If you’re pregnant or breastfeeding, you may be concerned about exposure to toxic chemicals.
In late 2015, the International Federation of Gynecology and Obstetrics published a strongly worded consensus statement: chemicals used in manufacturing and agriculture are harming reproductive health. “There are tens of thousands of chemicals in global commerce, and even small exposures to toxic chemicals during pregnancy can trigger adverse health consequences,” a group of doctors from around the world wrote.
The report notes that exposure to chemicals is unevenly distributed both within the United States and around the world, and disproportionately affects those with lower incomes.
What should you do to stay safe from environmental chemicals if you’re pregnant, want to become pregnant, or breastfeeding?
The first thing to do is examine your living environment, says Nancy Wight, a neonatologist and the medical director of lactation services at Sharp HealthCare in San Diego. When you visit an obstetrician or your baby’s pediatrician, talk to them about not just your medical history, Wight says, but also your social history. Discuss your job, where you live, and what your home is like. All will help gauge your potential exposure to environmental hazards.
Do you work in a manufacturing environment or factory, for example? Even if you take precautions in such a setting, there’s still a much higher risk of exposure for you, Wight says, which could affect your health or that of your baby. “I probably would not work in a radioactive chemical laboratory,” Wight says. “I probably would change my job for a little bit.”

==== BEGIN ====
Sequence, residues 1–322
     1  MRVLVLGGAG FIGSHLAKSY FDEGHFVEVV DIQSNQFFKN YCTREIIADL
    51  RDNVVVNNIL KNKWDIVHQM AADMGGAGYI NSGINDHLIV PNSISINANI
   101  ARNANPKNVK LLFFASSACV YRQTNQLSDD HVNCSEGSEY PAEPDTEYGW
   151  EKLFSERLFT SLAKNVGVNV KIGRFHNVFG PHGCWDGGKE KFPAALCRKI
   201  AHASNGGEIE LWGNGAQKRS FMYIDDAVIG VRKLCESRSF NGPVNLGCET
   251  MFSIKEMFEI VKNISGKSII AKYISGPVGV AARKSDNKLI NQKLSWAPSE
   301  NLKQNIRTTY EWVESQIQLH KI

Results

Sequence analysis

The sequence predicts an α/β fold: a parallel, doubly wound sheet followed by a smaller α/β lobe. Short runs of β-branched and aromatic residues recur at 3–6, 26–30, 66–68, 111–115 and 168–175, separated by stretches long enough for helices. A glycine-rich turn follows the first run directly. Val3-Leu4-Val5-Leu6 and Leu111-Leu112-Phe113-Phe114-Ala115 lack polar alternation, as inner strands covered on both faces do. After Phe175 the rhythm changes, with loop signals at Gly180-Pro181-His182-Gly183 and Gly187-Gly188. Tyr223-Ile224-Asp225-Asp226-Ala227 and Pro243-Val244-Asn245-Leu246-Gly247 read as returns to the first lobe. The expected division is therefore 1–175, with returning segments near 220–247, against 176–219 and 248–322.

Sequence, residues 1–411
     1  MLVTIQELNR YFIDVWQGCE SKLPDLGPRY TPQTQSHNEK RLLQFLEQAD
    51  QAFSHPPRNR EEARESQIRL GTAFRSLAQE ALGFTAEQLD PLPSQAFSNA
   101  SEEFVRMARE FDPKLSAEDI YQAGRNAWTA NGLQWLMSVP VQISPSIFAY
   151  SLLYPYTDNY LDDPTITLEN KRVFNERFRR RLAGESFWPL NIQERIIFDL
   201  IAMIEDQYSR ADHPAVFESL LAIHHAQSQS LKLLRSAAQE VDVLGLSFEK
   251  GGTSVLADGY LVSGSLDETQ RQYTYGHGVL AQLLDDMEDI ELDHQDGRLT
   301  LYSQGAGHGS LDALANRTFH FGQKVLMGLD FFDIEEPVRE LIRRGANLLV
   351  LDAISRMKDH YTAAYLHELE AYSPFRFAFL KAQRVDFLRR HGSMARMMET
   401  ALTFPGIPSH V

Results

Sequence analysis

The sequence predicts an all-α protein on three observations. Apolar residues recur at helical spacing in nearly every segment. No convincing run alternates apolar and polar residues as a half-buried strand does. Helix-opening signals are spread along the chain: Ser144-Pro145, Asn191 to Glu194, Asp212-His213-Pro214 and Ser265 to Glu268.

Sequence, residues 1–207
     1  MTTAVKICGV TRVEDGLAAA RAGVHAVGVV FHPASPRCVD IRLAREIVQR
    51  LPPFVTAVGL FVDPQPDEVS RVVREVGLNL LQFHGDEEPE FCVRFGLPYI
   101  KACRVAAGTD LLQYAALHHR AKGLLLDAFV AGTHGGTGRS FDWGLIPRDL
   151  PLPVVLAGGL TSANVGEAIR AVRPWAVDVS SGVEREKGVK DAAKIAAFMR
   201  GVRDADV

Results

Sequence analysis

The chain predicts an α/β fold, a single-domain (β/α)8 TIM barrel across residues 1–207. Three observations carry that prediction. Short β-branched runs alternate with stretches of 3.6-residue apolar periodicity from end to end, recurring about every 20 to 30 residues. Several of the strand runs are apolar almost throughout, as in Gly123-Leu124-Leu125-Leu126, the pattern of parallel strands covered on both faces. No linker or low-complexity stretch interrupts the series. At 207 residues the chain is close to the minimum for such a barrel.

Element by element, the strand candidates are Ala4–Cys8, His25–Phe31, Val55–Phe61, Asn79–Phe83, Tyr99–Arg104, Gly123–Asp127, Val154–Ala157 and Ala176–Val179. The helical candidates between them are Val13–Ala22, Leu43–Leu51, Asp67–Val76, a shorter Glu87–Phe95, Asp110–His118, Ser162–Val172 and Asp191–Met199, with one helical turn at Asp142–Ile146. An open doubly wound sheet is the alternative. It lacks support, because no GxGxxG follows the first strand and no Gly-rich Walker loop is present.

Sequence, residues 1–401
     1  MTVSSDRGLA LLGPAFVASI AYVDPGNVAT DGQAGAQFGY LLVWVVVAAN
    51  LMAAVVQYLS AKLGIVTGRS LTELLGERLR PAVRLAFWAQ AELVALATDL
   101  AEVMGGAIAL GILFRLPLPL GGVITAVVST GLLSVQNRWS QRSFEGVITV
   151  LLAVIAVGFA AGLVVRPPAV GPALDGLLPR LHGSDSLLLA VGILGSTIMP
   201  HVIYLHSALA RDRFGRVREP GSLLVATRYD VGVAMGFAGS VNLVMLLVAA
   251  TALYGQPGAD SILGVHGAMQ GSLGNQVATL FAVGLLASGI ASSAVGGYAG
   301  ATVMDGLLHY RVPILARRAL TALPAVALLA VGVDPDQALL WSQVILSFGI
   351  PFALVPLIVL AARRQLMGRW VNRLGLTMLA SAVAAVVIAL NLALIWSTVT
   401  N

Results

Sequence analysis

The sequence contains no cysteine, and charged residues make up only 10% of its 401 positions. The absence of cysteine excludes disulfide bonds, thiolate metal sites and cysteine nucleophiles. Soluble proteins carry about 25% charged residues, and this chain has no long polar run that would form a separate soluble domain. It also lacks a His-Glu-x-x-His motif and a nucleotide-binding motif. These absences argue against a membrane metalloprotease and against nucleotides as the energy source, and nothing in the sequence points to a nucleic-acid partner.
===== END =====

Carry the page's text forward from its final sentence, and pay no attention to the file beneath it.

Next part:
Still, new moms often worry too much about cleanliness, Wight says. “In the ICU, you have much more dangerous bugs than your house will ever have,” such as the common hospital-acquired MRSA “superbug.” Taking basic safety measures like making sure you have working carbon monoxide and smoke detectors, keeping a clean house, and making sure everyone who interacts with the baby washes their hands and isn’t coughing, she says, go a long way.
She also suggests getting a pet. Studies have shown exposure to pets reduces the development of asthma and allergies and strengthens children’s developing immune systems.
More tips from Wight on what to avoid:
To some degree, Wight says, there’s little we can do about exposure to environmental chemical hazards, aside from working with legislators to achieve better regulation. In its statement, the International Federation of Gynecology and Obstetrics called for making environmental health part of healthcare and suggested health professionals should advocate for policies to prevent exposure to toxic environmental chemicals.
“But it’s not a reason not to get pregnant, and it’s not a reason not to breastfeed,” Wight says. “The benefits of breastfeeding greatly outweigh the normal exposure to toxins in our environment. So breastfeeding is much more important.”
May 27, 2016
Janet O’Dell, RN